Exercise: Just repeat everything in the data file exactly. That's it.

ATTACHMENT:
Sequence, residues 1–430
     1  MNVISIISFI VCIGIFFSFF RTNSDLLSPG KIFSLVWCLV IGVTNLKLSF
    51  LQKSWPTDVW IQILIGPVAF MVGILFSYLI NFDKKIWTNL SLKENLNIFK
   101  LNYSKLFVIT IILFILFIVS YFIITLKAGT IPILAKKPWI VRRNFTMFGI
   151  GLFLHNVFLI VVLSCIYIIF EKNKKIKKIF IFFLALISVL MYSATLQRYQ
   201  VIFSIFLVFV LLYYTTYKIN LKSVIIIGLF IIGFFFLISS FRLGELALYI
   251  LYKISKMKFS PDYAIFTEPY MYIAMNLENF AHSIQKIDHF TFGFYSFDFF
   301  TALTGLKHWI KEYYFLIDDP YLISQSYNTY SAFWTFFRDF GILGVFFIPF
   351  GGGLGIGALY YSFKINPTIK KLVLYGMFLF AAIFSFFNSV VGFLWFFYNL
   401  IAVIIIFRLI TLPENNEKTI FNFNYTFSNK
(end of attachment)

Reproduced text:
Sequence, residues 1–430
     1  MNVISIISFI VCIGIFFSFF RTNSDLLSPG KIFSLVWCLV IGVTNLKLSF
    51  LQKSWPTDVW IQILIGPVAF MVGILFSYLI NFDKKIWTNL SLKENLNIFK
   101  LNYSKLFVIT IILFILFIVS YFIITLKAGT IPILAKKPWI VRRNFTMFGI
   151  GLFLHNVFLI VVLSCIYIIF EKNKKIKKIF IFFLALISVL MYSATLQRYQ
   201  VIFSIFLVFV LLYYTTYKIN LKSVIIIGLF IIGFFFLISS FRLGELALYI
   251  LYKISKMKFS PDYAIFTEPY MYIAMNLENF AHSIQKIDHF TFGFYSFDFF
   301  TALTGLKHWI KEYYFLIDDP YLISQSYNTY SAFWTFFRDF GILGVFFIPF
   351  GGGLGIGALY YSFKINPTIK KLVLYGMFLF AAIFSFFNSV VGFLWFFYNL
   401  IAVIIIFRLI TLPENNEKTI FNFNYTFSNK